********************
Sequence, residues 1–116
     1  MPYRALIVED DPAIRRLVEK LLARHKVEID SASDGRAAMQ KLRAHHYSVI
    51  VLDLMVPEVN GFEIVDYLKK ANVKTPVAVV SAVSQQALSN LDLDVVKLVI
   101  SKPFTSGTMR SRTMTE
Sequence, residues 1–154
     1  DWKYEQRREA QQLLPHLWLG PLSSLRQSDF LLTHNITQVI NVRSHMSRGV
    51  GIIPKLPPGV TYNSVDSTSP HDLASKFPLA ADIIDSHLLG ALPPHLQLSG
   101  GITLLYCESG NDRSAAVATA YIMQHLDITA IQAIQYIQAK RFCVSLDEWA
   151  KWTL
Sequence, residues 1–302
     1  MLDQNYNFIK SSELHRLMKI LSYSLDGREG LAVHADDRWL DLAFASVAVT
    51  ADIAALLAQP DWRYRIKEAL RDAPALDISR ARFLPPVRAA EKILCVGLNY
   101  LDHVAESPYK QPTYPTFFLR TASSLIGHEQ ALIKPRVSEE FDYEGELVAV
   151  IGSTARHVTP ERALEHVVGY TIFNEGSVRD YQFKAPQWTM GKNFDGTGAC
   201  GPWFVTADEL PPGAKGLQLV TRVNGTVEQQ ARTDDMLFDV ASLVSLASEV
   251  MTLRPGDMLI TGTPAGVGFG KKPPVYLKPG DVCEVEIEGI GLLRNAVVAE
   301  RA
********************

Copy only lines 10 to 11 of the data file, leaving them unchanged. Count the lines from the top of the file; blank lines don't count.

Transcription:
Sequence, residues 1–302
     1  MLDQNYNFIK SSELHRLMKI LSYSLDGREG LAVHADDRWL DLAFASVAVT